Tuesday, 30 November 2010

“Good” vs “Bad”

Last judgement
The adjectives “good” or “bad” used frequently in our Café often sound rather puerile to start with. We remember how our parents used to lecture us on how to be “good”: “Be a good girl/boy. Do what your teacher says. Stay with the group. Don’t talk to strangers...” What does it mean to “be good”? When our parents taught us to be good, it often implies that we ought to follow the rules, to be obedient to authority.  If the object of “being good” is to maintain social order, then perhaps a communist society, or a police state would be a good place to live because there no rebellious behaviour or criticism of the government would be tolerated. A totalitarian society is built upon conformism where individualism and original ideas are not encouraged.

Perhaps religion (no matter which faith or belief) is a more effective disciplinary tool than state policing, as religion under the guise of spiritual teaching, often uses the promises and punishment in the afterlife to regulate the behaviour of its followers. Can we say that religious doctrine is our yardstick of “goodness”?

How do you judge who is good who is bad? To be “good” do we have to be a saint? A person who sacrifices all earthly desires and devotes his life to helping others is generally praised as a “good person”. How do you describe a person who steals a loaf of bread in order to save some starving children? Or a person that kills an aggressor to help a victim? How do you qualify a "good thing" or a "bad thing"? If we define that an action that benefits majority of people but only harms a minority of people is a “good thing”; can we also classify an act of gang rape which satisfies a group of rapists but damages only one woman as a “good thing”?

If we say that all killing, rape, theft are “bad things” because they are morally wrong, why then there are such distinctions as “just war”, or “unjust war” where in both instances great numbers of innocent people were killed, raped, plundered? Why some historical instances were described as “crime against humanity”, “genocide”, but some others were described as “war on terror”, “war against tyranny”? The flip side of “bad” thing is considered a “good” thing depending on which side you are on.  If what Nazi did in the WWII was an act of genocide, why then the bombing of Dresden and dropping Atom bombs on Hiroshima and Nagasaki were not also acts of genocide? Does it mean that punitive action, no matter how barbaric, can be justified as “good thing”? This proves the point that history is only written by the winners. 

Monday, 29 November 2010

Course at Mary Ward Centre

An interdisciplinary course, On Poverty, at the Mary Ward Centre, drawing on philosophy and economics will start in the new year.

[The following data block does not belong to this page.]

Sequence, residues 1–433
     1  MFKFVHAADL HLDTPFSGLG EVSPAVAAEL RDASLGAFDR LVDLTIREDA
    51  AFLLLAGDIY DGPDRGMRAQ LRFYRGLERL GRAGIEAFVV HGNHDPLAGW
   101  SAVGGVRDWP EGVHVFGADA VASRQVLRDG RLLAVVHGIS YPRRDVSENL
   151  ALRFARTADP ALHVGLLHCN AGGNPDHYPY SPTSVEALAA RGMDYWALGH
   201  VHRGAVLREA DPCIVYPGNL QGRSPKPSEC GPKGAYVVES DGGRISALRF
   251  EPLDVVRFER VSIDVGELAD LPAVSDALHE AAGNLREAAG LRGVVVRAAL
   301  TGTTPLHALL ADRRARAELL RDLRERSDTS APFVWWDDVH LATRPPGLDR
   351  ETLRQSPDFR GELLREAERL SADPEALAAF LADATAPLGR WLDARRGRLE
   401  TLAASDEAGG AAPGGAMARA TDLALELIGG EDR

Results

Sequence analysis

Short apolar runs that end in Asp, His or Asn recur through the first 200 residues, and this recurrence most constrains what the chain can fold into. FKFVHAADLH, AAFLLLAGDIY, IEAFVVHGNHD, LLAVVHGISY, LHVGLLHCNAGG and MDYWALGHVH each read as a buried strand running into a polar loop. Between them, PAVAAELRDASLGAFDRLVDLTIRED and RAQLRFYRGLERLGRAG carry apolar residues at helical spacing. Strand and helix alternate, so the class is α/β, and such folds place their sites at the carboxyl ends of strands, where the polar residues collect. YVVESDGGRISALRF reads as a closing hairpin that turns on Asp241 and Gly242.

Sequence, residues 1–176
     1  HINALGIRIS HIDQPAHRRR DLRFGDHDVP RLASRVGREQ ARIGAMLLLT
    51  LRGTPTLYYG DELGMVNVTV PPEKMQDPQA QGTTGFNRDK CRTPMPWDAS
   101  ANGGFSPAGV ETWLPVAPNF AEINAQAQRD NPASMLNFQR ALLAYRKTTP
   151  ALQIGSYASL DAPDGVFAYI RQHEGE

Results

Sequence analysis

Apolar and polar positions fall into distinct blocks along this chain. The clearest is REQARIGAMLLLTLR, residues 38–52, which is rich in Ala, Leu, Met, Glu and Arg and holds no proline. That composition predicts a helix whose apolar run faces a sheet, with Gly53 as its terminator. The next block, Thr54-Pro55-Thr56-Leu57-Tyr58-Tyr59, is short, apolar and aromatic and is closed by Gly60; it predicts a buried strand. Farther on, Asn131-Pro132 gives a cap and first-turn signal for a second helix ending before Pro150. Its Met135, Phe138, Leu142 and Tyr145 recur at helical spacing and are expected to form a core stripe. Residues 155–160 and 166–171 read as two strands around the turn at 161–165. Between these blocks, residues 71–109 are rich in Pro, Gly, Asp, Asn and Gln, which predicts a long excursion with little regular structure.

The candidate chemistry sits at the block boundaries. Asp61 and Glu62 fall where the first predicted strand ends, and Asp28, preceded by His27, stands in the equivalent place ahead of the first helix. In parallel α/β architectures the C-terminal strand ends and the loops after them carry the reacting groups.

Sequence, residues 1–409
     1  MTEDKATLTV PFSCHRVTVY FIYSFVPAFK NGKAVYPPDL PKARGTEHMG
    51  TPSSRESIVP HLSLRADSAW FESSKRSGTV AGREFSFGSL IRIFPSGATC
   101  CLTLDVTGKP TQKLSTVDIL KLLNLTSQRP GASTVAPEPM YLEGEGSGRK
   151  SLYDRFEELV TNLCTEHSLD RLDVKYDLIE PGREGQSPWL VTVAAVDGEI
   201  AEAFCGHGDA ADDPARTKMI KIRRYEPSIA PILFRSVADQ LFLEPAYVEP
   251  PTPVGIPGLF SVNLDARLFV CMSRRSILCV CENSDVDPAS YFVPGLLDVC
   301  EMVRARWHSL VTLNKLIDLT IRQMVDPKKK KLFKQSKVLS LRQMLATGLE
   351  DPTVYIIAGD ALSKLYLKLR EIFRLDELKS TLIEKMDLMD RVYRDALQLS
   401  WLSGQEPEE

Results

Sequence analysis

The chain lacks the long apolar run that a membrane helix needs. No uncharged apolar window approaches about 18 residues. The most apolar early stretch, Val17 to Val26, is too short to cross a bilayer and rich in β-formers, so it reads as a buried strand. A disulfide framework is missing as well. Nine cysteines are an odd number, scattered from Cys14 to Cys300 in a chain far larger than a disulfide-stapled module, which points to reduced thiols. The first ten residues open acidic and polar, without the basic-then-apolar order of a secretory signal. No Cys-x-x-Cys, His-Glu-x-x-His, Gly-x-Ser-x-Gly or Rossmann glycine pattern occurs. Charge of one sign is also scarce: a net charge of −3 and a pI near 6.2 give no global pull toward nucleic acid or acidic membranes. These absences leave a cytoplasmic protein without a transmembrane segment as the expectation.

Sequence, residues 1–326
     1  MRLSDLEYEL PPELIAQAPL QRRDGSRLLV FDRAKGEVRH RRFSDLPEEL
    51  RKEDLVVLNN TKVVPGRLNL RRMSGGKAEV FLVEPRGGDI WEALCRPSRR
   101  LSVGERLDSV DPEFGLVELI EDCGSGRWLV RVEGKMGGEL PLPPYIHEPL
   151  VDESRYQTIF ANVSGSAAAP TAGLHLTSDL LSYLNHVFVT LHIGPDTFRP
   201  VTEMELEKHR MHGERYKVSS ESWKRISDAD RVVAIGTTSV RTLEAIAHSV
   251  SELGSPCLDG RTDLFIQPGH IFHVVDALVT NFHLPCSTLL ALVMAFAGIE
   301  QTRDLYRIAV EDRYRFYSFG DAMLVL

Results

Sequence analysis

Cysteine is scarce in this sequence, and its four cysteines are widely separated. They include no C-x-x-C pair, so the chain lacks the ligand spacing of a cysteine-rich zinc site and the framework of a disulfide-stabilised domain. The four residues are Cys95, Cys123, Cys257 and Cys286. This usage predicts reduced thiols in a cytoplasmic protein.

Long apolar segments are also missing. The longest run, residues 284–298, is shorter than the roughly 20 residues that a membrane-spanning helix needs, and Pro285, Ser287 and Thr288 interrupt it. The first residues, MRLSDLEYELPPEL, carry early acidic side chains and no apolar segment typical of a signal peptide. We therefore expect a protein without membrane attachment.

The course will be looking at diverse perceptions of poverty: a curse in the Torah; a liberating condition in Stoicism, Christianity and Buddhism; a condition to be eradicated in modern economics... Themes opened for discussions will range from women and poverty, Michel Foucaults Great Confinement, Marx and the pauperisation of the proletariat, the deserving poor; and will go on to the reversal operated by the Welfare State, when poverty was deemed to grant rights, rather than wealth to create duties. We will be calling, of course, on the recent works by Peter Singer, Martha Nussbaum, Amartya Sen, and the authors around the CARE movement.

The course is open to all; it will run every Wednesday, 4 to 6pm, starting on 12 January, for 11 meetings. No prior knowledge of economics or philosophy is required. A friendly, illuminating and topical course is guaranteed.

Saturday, 20 November 2010

An 18th-century Paris Café-philo

We have approached the topic of Atheism numerous times in our previous discussions, coinciding with the rise of the celebrity writers and scientists the likes of Richard Dawkins, Daniel Dennett, Christopher Hitchens, Sam Harris, to Steven Hawking...

Just discovered a delightful new publication, Wicked Company: Freethinkers and Friendship in Pre-Revolutionary Paris by Philipp Blom (London, Weidenfeld & Nicolson, 2010), tracing the story behind a scandalous Paris salon – our earliest model of Café-philo, where philosophers met to eat and drink and deny the existence of God and the soul – run by Baron Paul Thierry d’Holbach. Its members included Denis Diderot, Jean-Jacques Rousseau and their contemporaries.

See review from The Economist, 28 October 2010